Stock market valuations may have gotten ahead of corporate earnings and economic fundamentals. The much-anticipated rebound in global growth needs to show up soon.
As 2020 gets underway, the U.S. stock market is showing remarkable strength. The S&P 500 is up 35% since the lows of December, 2018, the last time the broader market index marked a 20% decline, which was a technical, but short-lived, bear market.
As of mid-January, markets stayed resilient—even in the face of the recently heightened Mideast tensions—as investors remain confident in the improved outlook for global growth, amid less uncertainty around U.S.-China trade issues and an endgame for Brexit.
The only catch: That rosy global rebound scenario will eventually have to materialize—and the clock is ticking. Below are three areas where investors can measure progress:
- Corporate and economic fundamentals are lagging: Recent U.S. economic data has been mixed at best. Manufacturing remains near recessionary levels, even as the U.S. consumer is strong. Corporate earnings have been unimpressive, especially if you factor out the benefit of share repurchases, which can generate an earnings-per-share improvement simply by reducing the number of shares outstanding. Morgan Stanley & Co.’s Chief Investment Strategist Mike Wilson forecasts that, at most, the S&P 500 will show 3% earnings growth in 2020.
- Monetary stimulus may not last: A short-term infusion of Federal Reserve liquidity since September has helped fuel U.S. market gains. The central bank has expanded its balance sheet by $460 billion in less than four months, a very rapid and large injection, returning it to over the $4 trillion level it reached during the later stages of the Fed’s bond buying program, which followed the financial crisis. While Morgan Stanley & Co. analysts estimate that Fed balance sheet growth will end by April, some analysts believe it could end as early as mid-January.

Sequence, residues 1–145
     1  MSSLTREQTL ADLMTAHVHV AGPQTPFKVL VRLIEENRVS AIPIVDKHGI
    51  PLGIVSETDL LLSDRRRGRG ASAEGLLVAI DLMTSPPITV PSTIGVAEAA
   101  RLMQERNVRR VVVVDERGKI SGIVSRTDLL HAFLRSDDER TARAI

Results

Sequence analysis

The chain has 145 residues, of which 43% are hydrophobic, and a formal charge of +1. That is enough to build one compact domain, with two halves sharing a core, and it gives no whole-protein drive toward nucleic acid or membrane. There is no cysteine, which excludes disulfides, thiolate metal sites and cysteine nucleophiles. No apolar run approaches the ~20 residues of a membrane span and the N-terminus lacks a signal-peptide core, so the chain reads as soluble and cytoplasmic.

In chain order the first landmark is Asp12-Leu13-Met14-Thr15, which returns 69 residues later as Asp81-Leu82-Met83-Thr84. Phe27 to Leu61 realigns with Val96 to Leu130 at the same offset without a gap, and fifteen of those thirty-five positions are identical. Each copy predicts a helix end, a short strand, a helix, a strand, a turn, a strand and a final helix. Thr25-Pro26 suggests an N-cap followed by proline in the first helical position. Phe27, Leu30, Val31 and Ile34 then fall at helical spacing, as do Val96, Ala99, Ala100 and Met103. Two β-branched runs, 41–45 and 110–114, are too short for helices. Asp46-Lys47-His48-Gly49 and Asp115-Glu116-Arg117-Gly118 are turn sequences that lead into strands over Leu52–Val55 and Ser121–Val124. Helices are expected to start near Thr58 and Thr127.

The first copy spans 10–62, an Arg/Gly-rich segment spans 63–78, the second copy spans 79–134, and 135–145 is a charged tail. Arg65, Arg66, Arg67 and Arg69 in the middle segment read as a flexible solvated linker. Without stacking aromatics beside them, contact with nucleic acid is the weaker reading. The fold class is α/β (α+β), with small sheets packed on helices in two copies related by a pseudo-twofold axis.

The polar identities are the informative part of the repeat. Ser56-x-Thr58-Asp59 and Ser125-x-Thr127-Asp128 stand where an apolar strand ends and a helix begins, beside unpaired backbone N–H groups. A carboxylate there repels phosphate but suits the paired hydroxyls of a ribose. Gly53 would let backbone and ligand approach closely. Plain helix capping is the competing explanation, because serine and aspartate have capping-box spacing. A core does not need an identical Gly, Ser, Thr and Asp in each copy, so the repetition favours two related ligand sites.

- Stock prices look rich: “Trees don’t grow to the sky,” goes a famous Wall Street maxim, meaning that stocks can soar in the short-run on sentiment, but ultimately, valuations are tied to earnings growth. Currently, price-to-earnings ratios on the S&P 500 are well above their 10-year averages on nearly every metric: earnings, cash flow, book value and sales. At nearly 22 times trailing earnings, the S&P 500 is in the top decile of valuation for the past 90 years.
History hasn’t been kind to markets driven to high valuations by excess liquidity. Some comparisons to the “tech bubble” of 1999–2000 are starting to look compelling to me. For example, now, just as then, market gains are concentrated in a handful of tech giants. It’s also worth recalling that short-term Fed liquidity added to hedge against fears of Y2K disruptions also helped fuel the final blow-off of the tech bubble.
My advice is for investors to rebalance their portfolios—as often as every quarter this year—in case market excesses continue to develop. That could mean scaling back on outperformers that seem overpriced and adding more high-quality value stocks that may have been left behind. Also, keep an eye on fourth-quarter 2019 corporate earnings reports to see if the anticipated rebound in growth materializes before the Fed starts to pull back on liquidity. That’s when the clock could stop ticking.